There was a visit to the printers. They were located near Portsmouth so I got to see a bit of the sea too. I also saw a huge-ass digital printer, and by God was it impressive. It was a web press, so it basically went from web of paper to printed and folded book-block in a remarkably short time. And it was fairly good quality too. Full four colours! There was a little bit where it turned the sheet of paper at a ninety degree angle to fold it along the spine and it totally blew my mind!
Cambride is also lovely. St. John’s Chapel was astoundingly pretty and I really enjoyed walking around the river Cam. I did not go punting though. I have never tried it before and it does not look like something to attempt on one’s own. I also saw Trinity College, so I can say that I have been to Trinity College, if only technicallly.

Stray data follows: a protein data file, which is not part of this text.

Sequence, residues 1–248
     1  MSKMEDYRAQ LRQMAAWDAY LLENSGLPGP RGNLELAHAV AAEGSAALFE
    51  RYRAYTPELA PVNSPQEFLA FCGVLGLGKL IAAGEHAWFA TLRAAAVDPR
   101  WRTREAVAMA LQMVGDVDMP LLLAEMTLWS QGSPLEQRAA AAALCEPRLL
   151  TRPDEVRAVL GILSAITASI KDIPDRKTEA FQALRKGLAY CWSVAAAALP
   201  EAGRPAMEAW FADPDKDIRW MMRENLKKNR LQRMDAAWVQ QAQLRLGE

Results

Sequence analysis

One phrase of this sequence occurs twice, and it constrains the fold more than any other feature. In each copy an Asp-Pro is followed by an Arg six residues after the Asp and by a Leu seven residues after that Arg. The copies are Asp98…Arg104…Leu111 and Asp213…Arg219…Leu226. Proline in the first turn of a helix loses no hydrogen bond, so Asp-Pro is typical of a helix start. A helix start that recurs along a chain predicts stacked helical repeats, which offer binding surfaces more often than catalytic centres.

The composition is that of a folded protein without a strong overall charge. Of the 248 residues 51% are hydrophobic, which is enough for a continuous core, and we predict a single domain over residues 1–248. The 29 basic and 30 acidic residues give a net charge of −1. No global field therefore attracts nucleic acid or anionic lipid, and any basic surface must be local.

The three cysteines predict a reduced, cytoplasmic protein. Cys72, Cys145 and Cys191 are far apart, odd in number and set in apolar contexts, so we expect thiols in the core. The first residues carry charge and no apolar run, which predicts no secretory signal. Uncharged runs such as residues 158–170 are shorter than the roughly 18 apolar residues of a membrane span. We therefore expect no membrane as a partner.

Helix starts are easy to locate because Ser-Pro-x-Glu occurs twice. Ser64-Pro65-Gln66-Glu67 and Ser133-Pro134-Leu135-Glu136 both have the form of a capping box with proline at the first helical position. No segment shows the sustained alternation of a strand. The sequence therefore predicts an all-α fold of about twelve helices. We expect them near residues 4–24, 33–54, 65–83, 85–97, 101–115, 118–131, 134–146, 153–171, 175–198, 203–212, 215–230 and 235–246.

As you can see, I’ve done a lot on this trip. I also missed my return flight and had to re-book it. So I’ve even covered that part of air travel. You become acutely aware of the flexibility of the human body when you attempt to sleep on a departure lounge bench that has fixed armrests. However the ancient hunter-gatherer instinct soon kicked in and I went scouting around. Protip: If you’re ever stranded in Heathrow T4, there’s a bench on the first floor next to the charging point near the Yotel (It’s not a spelling error. It’s actually called that.) which has no armrests. The airport has wi-fi but it’s a Boingo hotspot which you have to pay for. However the spot next to the Yotel, in addition to a charging point and a bench without armrests also lets you connect to the Yotel’s wi-fi. This only has a “I accept the terms and conditions” screen, so it’s basically free. There are also toilets nearby and a cafe. Use the lifts next to zone E to get there. The other lifts only lead to offices on the first floor. You’re welcome.